The focus on materials has also emerged as a central theme of SP4, ‘An architecture of entanglement’. PDRF Harkness has been researching into the social histories of key building materials (earth, lime, concrete), learning from architects and materials specialists while based in the studio of a leading environmental artist based in Fife, Scotland. Harkness’s study is complemented by that of PhD student Marcore, who has completed a year’s fieldwork in L’Aquila Province, central Italy, hit by an earthquake in 2009. Here, the comparison is between the materials of stone, concrete and straw, each of which has its own histories and properties. Concrete has emerged as a particular topic of interest, and was the subject of a collaborative performance involving Harkness and SP5 PhD student Winter, on concrete’s role as representative of the Anthropocene era. In her research, Winter has been tracing the relations between art, architecture, design and anthropology in the history of the Bauhaus School. She has been focusing particularly on the educational mission of the School and on its parallels with thinking in contemporary philosophical anthropology, as well as exploring the potential role of the anthropologist as curator. The topic of SP5 is ‘Telling by hand’, and PDRF Hodson has continued her experimental, arts-based inquiries in Scotland and Iceland into drawing and abstraction, and into the transition from two to three dimensions, the results of which are expected to inform the work of KFI as a whole.

Through our research so far, three major themes have emerged, which are likely to dominate our agenda for the remainder of the project. The first theme is the importance of drawing, as a method of observation and description with far-reaching anthropological implications. While this theme is being developed particularly in Hodson’s work for SP5, we have explored it in two project-wide KFI workshops, and plan to develop it further. The second theme is that of attentionality as a way of understanding engagements between practitioners, materials and environments. This will be key to the project that PDRF Gatt is currently developing as part of SP3, which investigates the modes of communication involved in policy-making through a series of workshops with practitioners in dance and experimental theatre. Finally, we have discovered that anthropology, in the way we want to take it, is fundamentally an educational discipline. This theme of education is currently taking centre-stage in the work of PI Ingold, and has led to our determination that a key objective of KFI must be to address the pedagogical and curricular implications of our approach to knowing from the inside.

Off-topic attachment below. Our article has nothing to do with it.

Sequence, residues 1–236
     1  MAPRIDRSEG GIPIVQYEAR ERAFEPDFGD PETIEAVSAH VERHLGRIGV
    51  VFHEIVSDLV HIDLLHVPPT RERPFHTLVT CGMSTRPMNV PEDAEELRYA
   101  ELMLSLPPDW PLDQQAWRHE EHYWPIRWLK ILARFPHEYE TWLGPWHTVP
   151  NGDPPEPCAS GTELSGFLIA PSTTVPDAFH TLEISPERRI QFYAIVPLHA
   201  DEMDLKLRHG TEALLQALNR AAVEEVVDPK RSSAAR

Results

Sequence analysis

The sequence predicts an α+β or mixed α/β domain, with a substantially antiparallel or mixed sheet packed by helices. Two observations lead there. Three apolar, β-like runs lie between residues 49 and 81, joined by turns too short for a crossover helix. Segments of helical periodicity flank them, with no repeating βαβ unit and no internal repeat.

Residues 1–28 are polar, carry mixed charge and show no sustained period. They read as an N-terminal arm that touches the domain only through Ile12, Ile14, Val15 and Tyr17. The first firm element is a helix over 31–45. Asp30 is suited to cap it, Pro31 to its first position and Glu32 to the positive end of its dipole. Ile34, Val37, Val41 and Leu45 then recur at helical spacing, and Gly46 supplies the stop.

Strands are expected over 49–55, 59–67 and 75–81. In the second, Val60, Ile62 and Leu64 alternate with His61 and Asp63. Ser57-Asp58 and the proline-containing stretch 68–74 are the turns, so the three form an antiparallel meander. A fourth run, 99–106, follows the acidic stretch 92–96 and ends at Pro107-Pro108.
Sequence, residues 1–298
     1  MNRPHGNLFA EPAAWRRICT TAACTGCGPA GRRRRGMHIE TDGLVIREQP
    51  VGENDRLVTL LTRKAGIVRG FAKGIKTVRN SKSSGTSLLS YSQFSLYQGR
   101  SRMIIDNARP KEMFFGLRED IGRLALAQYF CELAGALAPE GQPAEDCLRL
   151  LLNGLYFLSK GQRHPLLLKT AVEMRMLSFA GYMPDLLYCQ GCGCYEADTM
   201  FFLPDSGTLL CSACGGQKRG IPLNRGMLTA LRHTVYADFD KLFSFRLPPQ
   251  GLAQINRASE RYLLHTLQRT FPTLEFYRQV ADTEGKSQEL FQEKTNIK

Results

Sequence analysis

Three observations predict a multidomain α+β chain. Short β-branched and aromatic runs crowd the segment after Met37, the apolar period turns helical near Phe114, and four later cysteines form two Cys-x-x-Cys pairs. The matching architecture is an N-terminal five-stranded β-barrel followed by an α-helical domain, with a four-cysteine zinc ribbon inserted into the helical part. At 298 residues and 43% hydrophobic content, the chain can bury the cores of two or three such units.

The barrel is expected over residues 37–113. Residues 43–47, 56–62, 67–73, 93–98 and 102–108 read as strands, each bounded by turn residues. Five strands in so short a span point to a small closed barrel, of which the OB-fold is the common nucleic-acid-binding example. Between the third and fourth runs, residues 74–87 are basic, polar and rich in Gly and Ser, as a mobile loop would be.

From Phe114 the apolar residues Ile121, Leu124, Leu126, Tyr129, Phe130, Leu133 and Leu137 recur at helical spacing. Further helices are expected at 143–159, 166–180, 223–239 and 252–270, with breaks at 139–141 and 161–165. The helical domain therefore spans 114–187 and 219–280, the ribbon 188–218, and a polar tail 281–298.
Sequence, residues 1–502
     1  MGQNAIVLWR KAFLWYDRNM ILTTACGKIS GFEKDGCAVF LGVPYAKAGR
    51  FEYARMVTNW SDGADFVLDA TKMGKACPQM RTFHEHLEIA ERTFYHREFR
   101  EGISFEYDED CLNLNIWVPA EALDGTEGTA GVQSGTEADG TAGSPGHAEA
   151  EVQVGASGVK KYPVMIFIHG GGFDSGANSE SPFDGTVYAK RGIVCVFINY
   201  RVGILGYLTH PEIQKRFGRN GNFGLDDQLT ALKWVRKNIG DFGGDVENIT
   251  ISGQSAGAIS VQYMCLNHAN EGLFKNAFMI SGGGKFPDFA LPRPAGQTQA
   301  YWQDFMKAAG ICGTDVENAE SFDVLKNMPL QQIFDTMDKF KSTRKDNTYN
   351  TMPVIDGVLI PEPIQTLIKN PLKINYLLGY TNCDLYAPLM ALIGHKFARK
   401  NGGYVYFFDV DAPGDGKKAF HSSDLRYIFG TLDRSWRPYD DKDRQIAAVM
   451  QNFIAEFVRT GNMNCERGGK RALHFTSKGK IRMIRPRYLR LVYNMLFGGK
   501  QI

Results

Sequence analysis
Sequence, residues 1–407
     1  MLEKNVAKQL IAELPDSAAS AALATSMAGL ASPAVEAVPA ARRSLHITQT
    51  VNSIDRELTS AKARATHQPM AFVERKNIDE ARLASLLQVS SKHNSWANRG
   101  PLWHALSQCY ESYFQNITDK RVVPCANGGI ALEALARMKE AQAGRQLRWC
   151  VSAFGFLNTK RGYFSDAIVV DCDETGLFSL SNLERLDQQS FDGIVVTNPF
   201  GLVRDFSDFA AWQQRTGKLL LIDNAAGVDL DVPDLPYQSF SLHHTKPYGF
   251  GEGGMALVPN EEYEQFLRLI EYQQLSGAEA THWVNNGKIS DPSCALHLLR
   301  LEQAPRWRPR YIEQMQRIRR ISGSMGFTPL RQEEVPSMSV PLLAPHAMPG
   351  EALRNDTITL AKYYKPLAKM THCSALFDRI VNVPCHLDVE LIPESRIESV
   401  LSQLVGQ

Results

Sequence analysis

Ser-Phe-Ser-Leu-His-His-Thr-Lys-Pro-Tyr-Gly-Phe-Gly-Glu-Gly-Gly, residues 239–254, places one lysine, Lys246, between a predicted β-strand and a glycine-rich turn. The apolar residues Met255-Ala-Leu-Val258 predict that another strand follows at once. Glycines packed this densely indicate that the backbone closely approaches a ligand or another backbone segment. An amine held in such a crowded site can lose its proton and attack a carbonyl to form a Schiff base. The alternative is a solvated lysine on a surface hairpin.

Elizabeth Rattray, (Deputy Director, Research and Innovation)
Tel.: +44 1224 273682
Record Number: 189582 / Last updated on: 2016-10-12